The macrophage’s storage of iron is a major weakness. The presence of iron within a macrophage is somewhat counterproductive to the function it serves. After all, if pathogenic bacteria thrive on iron, it is illogical to have surplus iron in the very cells that engulf bacteria. In fact, virulent pathogens such as M. tuberculosis, S. typhi (typhoid fever), and Y. pestis (bubonic plague) survive in the macrophage [4]. This is particularly problematic considering macrophages travel to the lymph system after engulfing the bacteria. The lymph system contains lymph nodes that are the sites of production and storage for cells involved in the immune system.

Once arriving in a lymph node, the bacteria divide rapidly, overwhelming the immune system (think about the swollen lymph nodes commonly seen in bubonic plague, tuberculosis and typhoid fever). The body attempts to counter attack by inducing a high fever intended to kill the bacteria. Unfortunately, this is often too little, too late. Once in the lymph nodes, the rapidly reproducing bacteria can travel easily throughout the body, making it considerably more difficult for the immune system to fight it. Untreated, the victims of these three pathogens have high mortality rates. Modern advances in medicine have been effective in aiding infected individuals, but unfortunately these advances did not exist until the twentieth century.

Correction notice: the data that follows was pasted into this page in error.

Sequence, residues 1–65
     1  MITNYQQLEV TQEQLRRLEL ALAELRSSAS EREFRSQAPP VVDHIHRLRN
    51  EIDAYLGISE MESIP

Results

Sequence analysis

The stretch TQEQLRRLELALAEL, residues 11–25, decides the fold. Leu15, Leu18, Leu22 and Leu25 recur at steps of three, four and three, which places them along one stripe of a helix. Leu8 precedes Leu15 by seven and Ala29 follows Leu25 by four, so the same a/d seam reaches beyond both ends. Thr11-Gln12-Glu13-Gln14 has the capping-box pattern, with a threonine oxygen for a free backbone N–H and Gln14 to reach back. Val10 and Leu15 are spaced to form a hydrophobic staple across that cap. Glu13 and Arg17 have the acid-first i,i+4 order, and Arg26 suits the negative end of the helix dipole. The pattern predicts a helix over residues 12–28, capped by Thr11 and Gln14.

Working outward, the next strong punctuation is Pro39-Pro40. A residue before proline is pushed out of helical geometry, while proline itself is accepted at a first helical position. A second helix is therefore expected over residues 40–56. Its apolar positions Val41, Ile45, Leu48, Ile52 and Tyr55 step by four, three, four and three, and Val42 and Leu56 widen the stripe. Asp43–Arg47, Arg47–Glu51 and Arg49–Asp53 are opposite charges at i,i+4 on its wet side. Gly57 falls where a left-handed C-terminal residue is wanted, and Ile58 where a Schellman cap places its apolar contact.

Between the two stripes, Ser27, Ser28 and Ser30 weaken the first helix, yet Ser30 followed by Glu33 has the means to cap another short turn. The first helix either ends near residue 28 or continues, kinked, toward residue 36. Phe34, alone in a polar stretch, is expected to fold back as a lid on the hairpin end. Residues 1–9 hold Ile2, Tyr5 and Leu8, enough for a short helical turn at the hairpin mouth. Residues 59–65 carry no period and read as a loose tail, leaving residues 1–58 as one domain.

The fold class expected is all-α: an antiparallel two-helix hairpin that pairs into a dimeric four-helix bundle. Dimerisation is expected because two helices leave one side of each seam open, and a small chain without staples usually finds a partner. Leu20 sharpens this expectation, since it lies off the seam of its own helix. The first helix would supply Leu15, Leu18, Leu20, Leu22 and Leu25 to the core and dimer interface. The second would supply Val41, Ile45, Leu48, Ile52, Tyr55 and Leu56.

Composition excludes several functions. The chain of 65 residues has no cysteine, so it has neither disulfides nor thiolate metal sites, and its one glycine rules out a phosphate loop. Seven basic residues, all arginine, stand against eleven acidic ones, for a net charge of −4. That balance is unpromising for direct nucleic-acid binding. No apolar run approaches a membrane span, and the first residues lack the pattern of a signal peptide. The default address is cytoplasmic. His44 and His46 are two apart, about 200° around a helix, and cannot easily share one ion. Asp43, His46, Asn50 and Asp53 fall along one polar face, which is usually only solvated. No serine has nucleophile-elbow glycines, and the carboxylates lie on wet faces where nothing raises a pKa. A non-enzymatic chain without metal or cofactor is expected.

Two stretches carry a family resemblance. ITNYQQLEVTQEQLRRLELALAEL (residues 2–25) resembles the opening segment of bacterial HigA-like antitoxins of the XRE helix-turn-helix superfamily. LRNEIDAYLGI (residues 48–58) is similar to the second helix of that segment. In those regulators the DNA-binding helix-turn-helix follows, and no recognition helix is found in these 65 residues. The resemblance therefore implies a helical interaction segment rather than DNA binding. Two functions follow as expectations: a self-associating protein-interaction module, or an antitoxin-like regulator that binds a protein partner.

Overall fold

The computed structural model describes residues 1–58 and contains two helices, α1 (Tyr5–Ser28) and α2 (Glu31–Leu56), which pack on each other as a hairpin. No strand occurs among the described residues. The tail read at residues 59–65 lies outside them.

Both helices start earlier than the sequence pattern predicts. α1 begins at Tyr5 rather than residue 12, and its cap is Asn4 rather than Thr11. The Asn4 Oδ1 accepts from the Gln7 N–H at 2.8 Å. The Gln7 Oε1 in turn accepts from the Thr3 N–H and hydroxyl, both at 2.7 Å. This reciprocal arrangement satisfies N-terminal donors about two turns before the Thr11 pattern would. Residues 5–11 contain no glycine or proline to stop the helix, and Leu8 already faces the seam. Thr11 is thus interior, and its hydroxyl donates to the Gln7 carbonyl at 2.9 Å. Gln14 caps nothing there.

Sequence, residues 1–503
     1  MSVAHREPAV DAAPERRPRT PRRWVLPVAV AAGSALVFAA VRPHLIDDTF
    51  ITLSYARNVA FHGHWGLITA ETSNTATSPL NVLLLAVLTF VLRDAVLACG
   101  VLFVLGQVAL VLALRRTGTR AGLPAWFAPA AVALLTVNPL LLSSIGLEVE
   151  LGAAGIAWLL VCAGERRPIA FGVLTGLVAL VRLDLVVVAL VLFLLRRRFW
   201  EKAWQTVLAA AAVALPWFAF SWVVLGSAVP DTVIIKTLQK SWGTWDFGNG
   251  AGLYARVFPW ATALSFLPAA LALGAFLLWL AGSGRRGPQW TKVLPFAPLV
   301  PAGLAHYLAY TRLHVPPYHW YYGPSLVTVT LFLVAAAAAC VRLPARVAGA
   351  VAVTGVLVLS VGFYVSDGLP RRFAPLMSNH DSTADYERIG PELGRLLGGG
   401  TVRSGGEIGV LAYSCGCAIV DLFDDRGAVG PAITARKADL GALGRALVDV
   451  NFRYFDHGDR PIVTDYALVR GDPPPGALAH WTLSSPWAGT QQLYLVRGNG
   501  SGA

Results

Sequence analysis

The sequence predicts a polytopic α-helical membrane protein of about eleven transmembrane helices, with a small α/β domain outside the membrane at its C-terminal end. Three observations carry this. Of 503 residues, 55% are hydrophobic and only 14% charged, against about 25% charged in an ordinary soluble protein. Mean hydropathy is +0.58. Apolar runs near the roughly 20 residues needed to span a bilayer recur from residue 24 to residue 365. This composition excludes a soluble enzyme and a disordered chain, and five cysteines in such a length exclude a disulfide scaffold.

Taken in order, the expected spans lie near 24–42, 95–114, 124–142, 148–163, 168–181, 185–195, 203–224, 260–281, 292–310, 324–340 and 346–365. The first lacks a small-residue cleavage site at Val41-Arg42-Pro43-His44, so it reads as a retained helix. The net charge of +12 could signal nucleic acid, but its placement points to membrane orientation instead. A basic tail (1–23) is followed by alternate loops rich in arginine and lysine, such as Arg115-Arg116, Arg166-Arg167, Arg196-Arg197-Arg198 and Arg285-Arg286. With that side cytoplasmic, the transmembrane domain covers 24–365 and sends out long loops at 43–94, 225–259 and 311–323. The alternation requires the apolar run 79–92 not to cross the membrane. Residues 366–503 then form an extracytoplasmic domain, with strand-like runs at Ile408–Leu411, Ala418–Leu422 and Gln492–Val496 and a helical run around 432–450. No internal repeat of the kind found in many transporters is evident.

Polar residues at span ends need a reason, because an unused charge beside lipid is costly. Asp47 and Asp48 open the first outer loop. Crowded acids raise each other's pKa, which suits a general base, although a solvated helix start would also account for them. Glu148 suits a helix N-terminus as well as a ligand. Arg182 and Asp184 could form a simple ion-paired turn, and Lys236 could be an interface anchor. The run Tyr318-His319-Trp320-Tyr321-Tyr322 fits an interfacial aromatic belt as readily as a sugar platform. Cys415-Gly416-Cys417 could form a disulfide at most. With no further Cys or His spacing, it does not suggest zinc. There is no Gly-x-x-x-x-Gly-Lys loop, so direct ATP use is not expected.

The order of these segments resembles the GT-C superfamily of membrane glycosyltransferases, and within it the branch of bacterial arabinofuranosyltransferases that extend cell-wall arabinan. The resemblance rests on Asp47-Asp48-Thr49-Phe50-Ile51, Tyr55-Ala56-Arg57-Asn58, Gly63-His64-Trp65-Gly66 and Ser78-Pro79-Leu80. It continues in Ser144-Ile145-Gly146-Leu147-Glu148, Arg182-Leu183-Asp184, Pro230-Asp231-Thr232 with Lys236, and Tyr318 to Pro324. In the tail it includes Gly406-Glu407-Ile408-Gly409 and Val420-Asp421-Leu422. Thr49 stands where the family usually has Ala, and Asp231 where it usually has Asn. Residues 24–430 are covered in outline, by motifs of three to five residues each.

The question still remains of how natural selection for hemochromatosis helped battle these destructive pathogens. Of course, it seems utterly absurd that hemochromatosis, a condition characterized by excess iron stores in the body, would somehow confer resistance to bacterial infection when such bacteria rely on iron for survival. Although, excess iron accumulates in the body as a result of hemochromatosis, the distribution of the iron is not uniform. In fact, there is one type of cell in the body that has less iron than usual in hemochromatic individual: the macrophage (5).